“You see in times of crisis that extremist forces, populist forces, have a better ground to oversimplify things and to manipulate feelings. Feelings of fear.” — Jose Manuel Barroso
Across the world, nationalism is on the rise, as is populism. While there are many things driving this trend, terrorism is at the forefront. With each act of terror, it seems that populism and nationalism gain another foothold. Moreover, in a perverse turn, this rise in nationalism and populism are causing — among other things — a rise in terrorism. Wrapped up in this conversation are debates about immigration, refugees, human rights, defense spending, and moral responsibility. Recent US elections focused heavily on keeping the country safe from threats. Similar themes dominate the current French elections as well as national debates across Europe. Sitting at the center of this ideological nexus between nationalism, populism, and terrorism is the individual citizen and their fear of death. Knowing these trends intersect and drive one another provides individuals an opportunity to explore why terror brings out the irrational and reflexive bias towards ‘the other’ and it allows people to understand how individual fear of death helps sustain this precarious cycle.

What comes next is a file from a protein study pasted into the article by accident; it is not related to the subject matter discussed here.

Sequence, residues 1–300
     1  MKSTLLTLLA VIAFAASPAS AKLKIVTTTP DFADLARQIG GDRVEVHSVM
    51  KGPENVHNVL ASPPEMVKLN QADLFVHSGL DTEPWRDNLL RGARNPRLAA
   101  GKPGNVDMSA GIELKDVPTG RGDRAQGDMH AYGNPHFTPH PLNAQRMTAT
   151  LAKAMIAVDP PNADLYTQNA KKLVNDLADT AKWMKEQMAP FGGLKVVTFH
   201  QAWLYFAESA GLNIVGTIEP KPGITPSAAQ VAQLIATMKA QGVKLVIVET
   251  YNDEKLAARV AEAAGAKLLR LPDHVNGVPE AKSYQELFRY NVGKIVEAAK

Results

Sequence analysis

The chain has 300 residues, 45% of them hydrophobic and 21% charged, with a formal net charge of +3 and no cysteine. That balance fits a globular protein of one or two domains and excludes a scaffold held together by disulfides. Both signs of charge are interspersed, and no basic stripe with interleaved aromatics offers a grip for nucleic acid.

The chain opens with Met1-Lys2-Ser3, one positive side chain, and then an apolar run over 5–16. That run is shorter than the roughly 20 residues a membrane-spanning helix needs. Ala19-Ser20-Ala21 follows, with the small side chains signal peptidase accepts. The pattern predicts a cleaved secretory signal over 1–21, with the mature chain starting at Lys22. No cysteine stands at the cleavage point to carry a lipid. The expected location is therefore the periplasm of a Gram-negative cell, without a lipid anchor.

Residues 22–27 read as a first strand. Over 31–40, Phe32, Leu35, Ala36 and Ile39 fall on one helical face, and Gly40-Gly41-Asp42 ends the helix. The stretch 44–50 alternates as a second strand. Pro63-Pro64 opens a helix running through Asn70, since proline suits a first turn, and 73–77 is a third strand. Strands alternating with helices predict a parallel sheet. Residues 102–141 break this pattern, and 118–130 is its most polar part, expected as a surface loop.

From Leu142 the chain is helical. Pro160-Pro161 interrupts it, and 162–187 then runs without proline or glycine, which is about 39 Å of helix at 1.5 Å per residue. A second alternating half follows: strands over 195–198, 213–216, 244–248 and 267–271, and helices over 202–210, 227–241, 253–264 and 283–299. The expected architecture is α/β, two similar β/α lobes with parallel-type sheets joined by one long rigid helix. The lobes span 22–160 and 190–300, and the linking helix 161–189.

A dangerous cycle: nationalism, populism, and terrorism
While neither nationalism nor populism is a novel idea, their modern intersection is part of a troubling cycle. When combined they exacerbate many of the underlying issues that fuel terrorism. Rather than moderate the root issues of terrorism, nationalism and populism combine to address the egoistic impulses of citizens. This is due to the stratification that underpins these political ideologies. In short, nationalism harnesses the dark side of patriotism. Where patriotism promotes pride in one’s country, nationalism often promotes pride in one’s country vis-à-vis other countries and peoples. While every nation exercises some degree of nationalism as a way to foster identity, within nationalism exists the potential for creating scapegoats and victims.